“Soul control is learning to idle our brains before we engage our mouths,
thereby saving ourselves a boatload of heartache, wounded relationships, and regret.”
LET. IT. GO. by Karen Ehman
I remember the first time I teased someone to the point of tears.
We were in 6th grade, and I was oblivious.
Not until my little friend had locked herself crying in the girls’ bathroom did I realize something was wrong.
So I reassured her, “It’s okay! I was just teasing.”
But that didn’t un-do the damage I’d done.
“Fun” vs. Bullying
Yesterday, I posed this question on Facebook…
What’s the difference between harmless teasing / just playing around & actual bullying / harassment?
…and got some great responses:
- “Many times it’s the response of the other person. My brother often thought he was just teasing me; but it was hurtful and demeaning. I don’t like any teasing/playing around to be honest. It’s just not in the spirit of Jesus or the golden rule.”
- “ Intentions. Harmless teasing is done in friendship and love. It’s not intended to wound or hurt. When it does wound or hurt, it’s no longer harmless teasing.”
- “When the person being “teased” isn’t laughing.”
- “The relationship between the two people. Is it easy-going? friendship? professional? stranger?”
- “It all depends on how the person being teased perceives the ‘teasing.’ If they are offended, even if that wasn’t the intent, then it’s probably crossing the line.”
- “Hard to know when the line has been crossed if the teased doesn’t admit the hurt. Just kidding or…not…ha ha ha! Problem with writing is you can’t see expressions and intonation.”
- “I think the difference for the one doing the teasing is whether or not their intent is malicious. But ‘all in good fun’ isn’t always fun for the one being teased…and doesn’t take much to cross into bullying.”
- “I always told my kids, when they said, ‘But I was just teasing!’ that if the other person doesn’t laugh, it’s not funny. There’s a lot more to it than that, I know. But it was a starting place…”
- “Proverbs 26:17-19: Like a maniac shooting flaming arrows of death is one who deceives their neighbor and says, ‘I was only joking!’”
- “Empathy, I think.”
Why I Thrill When You Take a Spill
Why are we so Johnny-on-the-spot to react when someone else fails and we’re there to witness it?
The simplest reason feels so innocent:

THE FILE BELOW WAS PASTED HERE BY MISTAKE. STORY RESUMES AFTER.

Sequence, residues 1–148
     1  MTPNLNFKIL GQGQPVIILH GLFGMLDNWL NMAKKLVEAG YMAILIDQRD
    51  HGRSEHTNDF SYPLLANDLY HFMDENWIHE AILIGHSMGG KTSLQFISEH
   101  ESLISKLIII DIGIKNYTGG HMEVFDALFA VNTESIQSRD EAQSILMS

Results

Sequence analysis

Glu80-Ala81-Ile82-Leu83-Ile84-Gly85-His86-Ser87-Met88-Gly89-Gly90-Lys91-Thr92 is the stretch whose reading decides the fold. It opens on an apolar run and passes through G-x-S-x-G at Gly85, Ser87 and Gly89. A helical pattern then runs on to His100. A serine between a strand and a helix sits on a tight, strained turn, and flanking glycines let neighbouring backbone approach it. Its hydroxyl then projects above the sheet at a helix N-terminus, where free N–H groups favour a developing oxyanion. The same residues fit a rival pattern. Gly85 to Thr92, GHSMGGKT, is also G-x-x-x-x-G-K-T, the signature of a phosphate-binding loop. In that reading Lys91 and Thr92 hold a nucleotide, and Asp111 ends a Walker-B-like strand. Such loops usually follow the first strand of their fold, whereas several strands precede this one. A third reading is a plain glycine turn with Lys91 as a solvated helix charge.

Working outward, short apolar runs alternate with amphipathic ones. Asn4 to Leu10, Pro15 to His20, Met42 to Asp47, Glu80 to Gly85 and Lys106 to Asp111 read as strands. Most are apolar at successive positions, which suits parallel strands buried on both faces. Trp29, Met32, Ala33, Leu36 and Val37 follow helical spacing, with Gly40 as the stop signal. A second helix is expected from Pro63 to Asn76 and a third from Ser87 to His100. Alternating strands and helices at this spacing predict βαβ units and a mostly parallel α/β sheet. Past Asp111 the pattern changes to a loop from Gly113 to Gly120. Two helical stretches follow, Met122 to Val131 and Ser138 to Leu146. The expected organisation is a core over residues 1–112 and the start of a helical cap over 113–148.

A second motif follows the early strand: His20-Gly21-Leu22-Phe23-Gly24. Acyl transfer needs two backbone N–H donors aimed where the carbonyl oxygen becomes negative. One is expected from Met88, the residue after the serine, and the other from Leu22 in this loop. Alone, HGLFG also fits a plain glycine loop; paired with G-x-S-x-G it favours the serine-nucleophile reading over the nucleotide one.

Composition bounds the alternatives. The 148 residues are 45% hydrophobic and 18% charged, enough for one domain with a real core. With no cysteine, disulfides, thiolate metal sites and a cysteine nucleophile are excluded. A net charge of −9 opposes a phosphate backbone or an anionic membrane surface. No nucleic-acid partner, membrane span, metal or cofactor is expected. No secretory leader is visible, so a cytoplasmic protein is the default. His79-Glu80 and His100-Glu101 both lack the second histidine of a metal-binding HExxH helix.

I’m relieved that it wasn’t me. I didn’t trip. I wasn’t wrong. I didn’t slaughter a word we’ve all known since 4th grade.
So my laughter isn’t actually targeted toward anyone else. It’s just an expression of “whew!”
The deeper reason is far more dangerous:
I can walk across a room without tripping. I can give the correct answer. I can pronounce that word.
My laughter still isn’t targeted at anyone. It’s an affirmation of “Yes! I am capable. I am powerful!”
But when I focus on my relief and my power, I forget other people.
I’m so busy enjoying how good it feels to be “better” than the mistake-maker, I neglect a vital skill that makes me human:
When I teased my little friend to tears in 6th grade, I knew the intention of my “fun” was harmless.
But I could not control her reception of my “fun.”
She received it as bullying.
I even assured her, “I didn’t mean to!”
But my late-in-the-game switch from power to empathy did not suddenly switch her feelings.
“I Didn’t Mean To!” vs. I Mean Not To
When I was little and said, “I didn’t mean to!” as an excuse, my father always replied, “But you didn’t mean not to.”
That’s dumb, I used to think. How am I supposed to “mean not to“?
But my 6th grade teased-her-to-tears incident was serious shock therapy. I realized that I must intentionally mean not to bully, mean not to harass, mean not to tease inappropriately.
If I don’t mean not to, I may well end up being mean (without ever…er…meaning to!)
- What’s an area of your life in which you feel convicted to mean not to so you don’t end up being mean (without meaning to)?
- Make it a habit to “mean not to” instead of “not mean to”. (Click to Tweet this.)